Today, a woman doesn't quite get the Nobel Prize.
The University of Houston's College of Engineering
presents this series about the machines that make
our civilization run, and the people whose
ingenuity created Them.
In 1913, Swiss chemist
Alfred Werner won the Nobel Prize for explaining
something Louis Pasteur had pointed out. Pasteur
had found two crystalline salts with exactly the
same chemical makeup. One bent polarized light to
the left, the other bent it to the right. One salt
seemed to be left-handed, the other, right-handed.
In 1897, Werner claimed that the molecular
arrangements in such molecules had to be mirror
images of each other. He also claimed that a huge
class of molecules had mirror images like that.
Other chemists laughed at him -- said he was
Finally, in 1911, an American student did a
terribly complex sequence of processes that
produced right and left-handed cobalt-based salts
for Werner. When other chemists saw that, their
resistance broke down. Two years later, Werner had
the Nobel Prize.
So far, this makes a fairly conventional story of
scientific discovery. But chemist Ivan Bernal has
found the oddest wrinkle in it. He picks up the
tale just after Werner first made his claims.
Around 1898, a remarkable young woman named Edith
Humphrey came from England to do her doctorate with
An English woman doing doctoral work in chemistry
in a foreign university was unheard-of a century
ago. But Humphrey was no ordinary woman. She became
Werner's first woman Ph.D.
She did her dissertation on the same cobalt salt
crystals that American would synthesize ten years
later. But she did it without all that fancy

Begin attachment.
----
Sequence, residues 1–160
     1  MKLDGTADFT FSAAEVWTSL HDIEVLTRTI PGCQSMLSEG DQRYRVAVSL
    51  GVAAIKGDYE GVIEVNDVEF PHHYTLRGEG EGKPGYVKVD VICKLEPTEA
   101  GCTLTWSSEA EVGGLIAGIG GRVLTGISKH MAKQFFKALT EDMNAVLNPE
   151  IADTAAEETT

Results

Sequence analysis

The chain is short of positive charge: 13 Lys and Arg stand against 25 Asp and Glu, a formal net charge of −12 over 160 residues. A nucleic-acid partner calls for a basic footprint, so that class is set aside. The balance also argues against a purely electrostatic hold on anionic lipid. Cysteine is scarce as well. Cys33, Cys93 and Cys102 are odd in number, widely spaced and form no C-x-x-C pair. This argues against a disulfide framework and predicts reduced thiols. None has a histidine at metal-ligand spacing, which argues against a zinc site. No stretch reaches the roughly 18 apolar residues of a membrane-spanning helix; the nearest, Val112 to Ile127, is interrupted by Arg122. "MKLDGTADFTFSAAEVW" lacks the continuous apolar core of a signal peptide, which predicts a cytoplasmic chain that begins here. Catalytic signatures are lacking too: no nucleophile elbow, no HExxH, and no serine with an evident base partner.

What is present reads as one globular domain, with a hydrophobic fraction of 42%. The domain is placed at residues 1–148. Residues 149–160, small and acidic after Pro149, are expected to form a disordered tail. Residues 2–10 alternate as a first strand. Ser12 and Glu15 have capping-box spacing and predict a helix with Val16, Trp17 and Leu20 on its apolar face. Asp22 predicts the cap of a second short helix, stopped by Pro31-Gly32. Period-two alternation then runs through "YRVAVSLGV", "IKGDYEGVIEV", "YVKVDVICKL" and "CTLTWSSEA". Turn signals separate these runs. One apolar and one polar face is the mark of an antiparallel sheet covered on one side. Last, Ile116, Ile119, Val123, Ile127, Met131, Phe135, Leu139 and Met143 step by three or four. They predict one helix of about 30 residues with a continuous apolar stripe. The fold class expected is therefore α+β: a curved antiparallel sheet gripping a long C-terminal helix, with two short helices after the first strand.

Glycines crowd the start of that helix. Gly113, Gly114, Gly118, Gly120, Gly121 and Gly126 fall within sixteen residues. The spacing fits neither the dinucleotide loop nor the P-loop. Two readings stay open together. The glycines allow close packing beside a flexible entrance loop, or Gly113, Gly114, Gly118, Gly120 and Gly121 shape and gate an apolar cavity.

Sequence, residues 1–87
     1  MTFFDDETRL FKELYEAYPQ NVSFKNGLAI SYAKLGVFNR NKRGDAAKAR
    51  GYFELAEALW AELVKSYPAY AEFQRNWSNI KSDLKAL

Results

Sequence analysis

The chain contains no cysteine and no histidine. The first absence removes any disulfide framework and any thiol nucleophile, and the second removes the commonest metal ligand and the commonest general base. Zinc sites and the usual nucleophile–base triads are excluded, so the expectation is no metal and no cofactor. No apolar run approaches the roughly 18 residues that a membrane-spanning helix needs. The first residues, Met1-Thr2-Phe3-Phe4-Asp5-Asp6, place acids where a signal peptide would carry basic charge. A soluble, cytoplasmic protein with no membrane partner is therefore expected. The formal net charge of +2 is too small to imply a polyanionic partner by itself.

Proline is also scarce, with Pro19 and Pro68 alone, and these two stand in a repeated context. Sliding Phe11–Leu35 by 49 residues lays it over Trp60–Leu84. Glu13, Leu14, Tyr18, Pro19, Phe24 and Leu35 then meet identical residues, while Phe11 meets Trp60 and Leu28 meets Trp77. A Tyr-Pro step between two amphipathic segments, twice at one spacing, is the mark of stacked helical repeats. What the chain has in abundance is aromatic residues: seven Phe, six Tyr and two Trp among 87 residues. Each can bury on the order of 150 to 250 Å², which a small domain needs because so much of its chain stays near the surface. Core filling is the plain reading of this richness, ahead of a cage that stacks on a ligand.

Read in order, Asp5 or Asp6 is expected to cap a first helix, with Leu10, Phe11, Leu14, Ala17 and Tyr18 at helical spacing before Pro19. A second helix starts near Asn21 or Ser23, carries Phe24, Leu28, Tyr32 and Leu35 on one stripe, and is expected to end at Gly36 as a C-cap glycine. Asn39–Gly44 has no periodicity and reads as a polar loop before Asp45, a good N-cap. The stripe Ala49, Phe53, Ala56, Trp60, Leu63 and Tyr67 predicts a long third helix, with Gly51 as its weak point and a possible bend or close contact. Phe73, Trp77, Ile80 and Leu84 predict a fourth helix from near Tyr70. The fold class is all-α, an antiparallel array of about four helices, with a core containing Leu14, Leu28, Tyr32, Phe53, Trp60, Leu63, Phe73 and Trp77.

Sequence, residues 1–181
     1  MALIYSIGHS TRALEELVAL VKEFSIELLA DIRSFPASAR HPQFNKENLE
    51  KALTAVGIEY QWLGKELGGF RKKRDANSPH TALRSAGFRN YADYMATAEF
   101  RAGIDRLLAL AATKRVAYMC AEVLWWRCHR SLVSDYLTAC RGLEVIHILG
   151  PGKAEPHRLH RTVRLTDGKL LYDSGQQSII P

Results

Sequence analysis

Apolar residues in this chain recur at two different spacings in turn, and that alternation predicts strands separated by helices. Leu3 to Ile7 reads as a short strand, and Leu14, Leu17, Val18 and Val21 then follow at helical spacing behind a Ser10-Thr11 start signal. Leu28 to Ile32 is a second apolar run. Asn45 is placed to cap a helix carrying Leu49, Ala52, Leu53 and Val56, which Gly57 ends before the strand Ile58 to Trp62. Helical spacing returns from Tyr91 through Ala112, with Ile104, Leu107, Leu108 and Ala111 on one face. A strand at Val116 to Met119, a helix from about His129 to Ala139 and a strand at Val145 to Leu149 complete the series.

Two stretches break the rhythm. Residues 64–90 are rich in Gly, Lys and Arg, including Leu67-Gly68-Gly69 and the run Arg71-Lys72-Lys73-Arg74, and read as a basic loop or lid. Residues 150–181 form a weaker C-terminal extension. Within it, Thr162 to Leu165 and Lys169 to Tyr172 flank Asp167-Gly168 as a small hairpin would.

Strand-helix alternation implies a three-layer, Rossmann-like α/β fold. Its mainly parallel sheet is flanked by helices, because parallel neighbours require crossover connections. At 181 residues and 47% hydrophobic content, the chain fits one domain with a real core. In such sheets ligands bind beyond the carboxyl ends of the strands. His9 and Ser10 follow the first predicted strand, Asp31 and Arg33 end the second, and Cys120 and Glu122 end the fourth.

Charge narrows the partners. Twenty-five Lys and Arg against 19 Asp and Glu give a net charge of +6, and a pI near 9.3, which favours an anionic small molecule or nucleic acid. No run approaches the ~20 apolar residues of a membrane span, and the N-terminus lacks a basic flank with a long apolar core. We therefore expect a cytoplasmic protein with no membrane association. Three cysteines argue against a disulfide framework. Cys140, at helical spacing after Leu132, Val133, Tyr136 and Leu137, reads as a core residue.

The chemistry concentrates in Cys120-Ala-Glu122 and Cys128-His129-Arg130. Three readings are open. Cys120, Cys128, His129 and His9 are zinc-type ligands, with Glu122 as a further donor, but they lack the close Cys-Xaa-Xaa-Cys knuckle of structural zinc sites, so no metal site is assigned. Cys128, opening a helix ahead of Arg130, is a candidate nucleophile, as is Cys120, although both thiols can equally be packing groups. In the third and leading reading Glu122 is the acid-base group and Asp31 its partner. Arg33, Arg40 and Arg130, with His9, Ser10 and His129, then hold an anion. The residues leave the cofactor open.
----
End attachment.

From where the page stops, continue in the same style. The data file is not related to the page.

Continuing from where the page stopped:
processing. In the course of her work she prepared
many crystals and left them with Werner, carefully
marked, in a box. And there they sat for 86 years.
Then Bernal heard about them and predicted they
would have the necessary left/right optical
property. Sure enough, Humphrey's crystals showed
exactly the same behavior Pasteur had seen. Werner
had his validation right there, and he'd missed it.
Meanwhile Werner had sent that American all around
the mulberry bush recreating Humphrey's crystals.
Bernal points out that his work was completely
unnecessary because her crystals already had
sufficient purity. Worse yet, Werner idolized
Pasteur and was completely aware of his use of
polarized light. Yet he'd never thought to shine
polarized light through Edith Humphrey's crystals.
If he had, the matter would've been settled in
Edith Humphrey went back to England and lived to
the age of 102. She set up a research laboratory
for a British dye and fabric company. She was its
chief chemist. If she or Werner had only thought to
test her crystals, she might've had part of a Nobel
Prize as well. But she died just before Bernal
figured that out. She died without ever knowing --
just how close she had come.
I'm John Lienhard, at the University of Houston,
where we're interested in the way inventive minds
Bernal, I., A Sketch of the Life of Edith Humphrey, A
Pioneer Inorganic Chemist Who Barely Missed Proving
Werner's Theory of Coordination Chemistry a Decade
Before It Was Eventually Demonstrated Correct.
Chemical Intelligencer, January 1999, pp.
I am grateful to Ivan Bernal, UH Chemistry
Department, for suggesting this topic and for
providing considerable counsel.
For more on chirality and mirror imaging, see
Episodes 604 and 1184.
The Engines of Our Ingenuity is
Copyright © 1988-1997 by John H.
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